About The Show: Practically raised at Seattle's Station 19, Andy Herrera is a confident firefighter who is also the daughter of Pruitt Herrera, the formidable head of the firehouse. Capt. Pruitt was Andy's primary inspiration to become a firefighter and is a mentor to both her and Jack Gibson, the lieutenant at the station. Jack is as fearless as Andy is by-the-books, but when the two are together, sparks fly and opposites attract. The two are joined by Maya Bishop, Dean Miller, Travis Montgomery, Victoria Hughes, and the station's newest addition, rookie Ben Warren. The team also works closely with Seattle PD, often running into Andy's former flame Ryan Tanner.
The Atlanta based medical drama "The Resident" on Fox also stepped forward with a donation to Atlanta's Grady Hospital to hep them stay safe. The program director, Dr. Karen L. Law for Emory University's Internal Medicine Residency Program posted a photo to Instagram to thank the series. The image shows boxes of masks, surgical gloves, booties, protective head gear, gowns and other supplies.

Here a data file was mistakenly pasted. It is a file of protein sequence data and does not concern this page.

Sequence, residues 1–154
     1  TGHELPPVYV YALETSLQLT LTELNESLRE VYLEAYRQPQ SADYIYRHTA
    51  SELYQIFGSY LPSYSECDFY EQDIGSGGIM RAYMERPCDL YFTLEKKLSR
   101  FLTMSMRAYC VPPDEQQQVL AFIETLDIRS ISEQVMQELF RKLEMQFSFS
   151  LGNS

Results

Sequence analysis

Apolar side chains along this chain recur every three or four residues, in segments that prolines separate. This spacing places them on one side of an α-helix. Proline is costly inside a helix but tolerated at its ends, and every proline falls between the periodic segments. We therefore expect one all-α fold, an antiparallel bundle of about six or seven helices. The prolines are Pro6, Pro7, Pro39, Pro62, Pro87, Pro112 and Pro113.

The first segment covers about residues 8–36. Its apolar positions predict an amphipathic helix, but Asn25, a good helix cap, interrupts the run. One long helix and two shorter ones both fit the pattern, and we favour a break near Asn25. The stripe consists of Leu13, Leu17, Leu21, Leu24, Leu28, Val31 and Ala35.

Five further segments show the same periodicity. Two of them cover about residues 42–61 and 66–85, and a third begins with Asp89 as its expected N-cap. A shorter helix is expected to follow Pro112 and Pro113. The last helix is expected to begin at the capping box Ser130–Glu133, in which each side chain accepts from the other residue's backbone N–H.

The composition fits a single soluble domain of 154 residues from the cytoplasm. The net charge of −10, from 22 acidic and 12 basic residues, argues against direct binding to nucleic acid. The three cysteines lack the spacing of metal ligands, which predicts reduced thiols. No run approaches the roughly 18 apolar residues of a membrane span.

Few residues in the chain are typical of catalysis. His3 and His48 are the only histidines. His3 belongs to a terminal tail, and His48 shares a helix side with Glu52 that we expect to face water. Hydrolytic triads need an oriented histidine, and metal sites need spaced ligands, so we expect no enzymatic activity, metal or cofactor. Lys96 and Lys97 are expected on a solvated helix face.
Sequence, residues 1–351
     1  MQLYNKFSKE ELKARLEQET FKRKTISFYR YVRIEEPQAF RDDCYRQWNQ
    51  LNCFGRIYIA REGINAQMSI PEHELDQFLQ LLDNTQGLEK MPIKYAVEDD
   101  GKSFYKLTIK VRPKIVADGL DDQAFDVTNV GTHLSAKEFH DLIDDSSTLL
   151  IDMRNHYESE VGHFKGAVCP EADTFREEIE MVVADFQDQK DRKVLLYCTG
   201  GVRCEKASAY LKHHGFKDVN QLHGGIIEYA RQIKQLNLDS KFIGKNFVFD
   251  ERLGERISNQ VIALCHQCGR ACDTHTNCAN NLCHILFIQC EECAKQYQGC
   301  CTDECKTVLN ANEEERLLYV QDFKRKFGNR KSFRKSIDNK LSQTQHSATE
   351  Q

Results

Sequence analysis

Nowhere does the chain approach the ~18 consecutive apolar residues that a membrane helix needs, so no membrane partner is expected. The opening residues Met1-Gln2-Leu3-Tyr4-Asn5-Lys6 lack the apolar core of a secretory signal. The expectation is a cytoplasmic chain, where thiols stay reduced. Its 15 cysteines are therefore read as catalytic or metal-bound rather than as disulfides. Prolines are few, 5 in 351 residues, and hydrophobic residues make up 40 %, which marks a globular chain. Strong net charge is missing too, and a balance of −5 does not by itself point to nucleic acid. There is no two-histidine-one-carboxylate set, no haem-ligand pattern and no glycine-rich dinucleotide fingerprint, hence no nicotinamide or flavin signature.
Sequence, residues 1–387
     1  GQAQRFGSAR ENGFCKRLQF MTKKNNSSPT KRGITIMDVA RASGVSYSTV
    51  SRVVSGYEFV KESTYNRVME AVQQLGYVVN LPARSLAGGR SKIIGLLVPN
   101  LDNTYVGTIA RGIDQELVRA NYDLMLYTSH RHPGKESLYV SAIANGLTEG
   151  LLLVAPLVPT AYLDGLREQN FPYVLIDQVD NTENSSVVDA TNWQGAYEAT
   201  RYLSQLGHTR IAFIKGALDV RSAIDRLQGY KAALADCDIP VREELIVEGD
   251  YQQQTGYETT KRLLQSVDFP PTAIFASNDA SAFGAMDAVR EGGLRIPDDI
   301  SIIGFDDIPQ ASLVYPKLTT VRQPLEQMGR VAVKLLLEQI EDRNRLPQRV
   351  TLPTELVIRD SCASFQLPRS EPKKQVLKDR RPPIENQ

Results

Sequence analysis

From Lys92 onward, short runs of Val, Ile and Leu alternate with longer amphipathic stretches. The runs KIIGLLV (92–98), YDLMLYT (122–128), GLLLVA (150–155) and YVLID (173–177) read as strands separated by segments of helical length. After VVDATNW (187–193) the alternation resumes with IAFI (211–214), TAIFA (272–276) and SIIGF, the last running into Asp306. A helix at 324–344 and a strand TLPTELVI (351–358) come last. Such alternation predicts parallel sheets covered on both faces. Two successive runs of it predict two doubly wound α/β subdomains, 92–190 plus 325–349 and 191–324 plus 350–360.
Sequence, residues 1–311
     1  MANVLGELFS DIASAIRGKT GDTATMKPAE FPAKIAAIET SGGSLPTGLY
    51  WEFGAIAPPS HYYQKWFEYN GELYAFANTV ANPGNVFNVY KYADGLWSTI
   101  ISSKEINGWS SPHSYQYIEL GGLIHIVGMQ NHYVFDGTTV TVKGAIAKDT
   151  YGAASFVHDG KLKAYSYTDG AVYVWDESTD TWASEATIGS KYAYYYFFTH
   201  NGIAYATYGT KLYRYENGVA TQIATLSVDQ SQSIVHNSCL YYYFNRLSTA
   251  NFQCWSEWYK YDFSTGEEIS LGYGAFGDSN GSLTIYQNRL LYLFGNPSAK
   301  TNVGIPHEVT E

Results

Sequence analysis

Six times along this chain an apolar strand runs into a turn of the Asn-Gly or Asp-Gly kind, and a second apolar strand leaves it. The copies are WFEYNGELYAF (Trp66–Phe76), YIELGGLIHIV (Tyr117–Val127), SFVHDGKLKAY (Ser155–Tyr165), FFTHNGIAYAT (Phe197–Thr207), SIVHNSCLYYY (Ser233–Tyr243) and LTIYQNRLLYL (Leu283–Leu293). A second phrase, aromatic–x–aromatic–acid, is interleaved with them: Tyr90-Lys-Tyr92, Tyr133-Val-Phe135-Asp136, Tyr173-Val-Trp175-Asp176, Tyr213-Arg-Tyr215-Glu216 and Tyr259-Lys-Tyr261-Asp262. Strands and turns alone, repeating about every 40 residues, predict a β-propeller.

About The Show: Conrad Hawkins is one of Chastain Park Memorial Hospital's best doctors. Charming and arrogant, Conrad likes to take an unconventional approach whenever possible and believes it's his personal duty to shatter the romantic illusions of the first-year residents. Dr. Devon Pravesh is an innocent idealist who leans on his finely tuned moral compass, but with Conrad's help, he begins to realize that the practice of medicine is a business, like any other, with less-than-angelic patients and fallible doctors.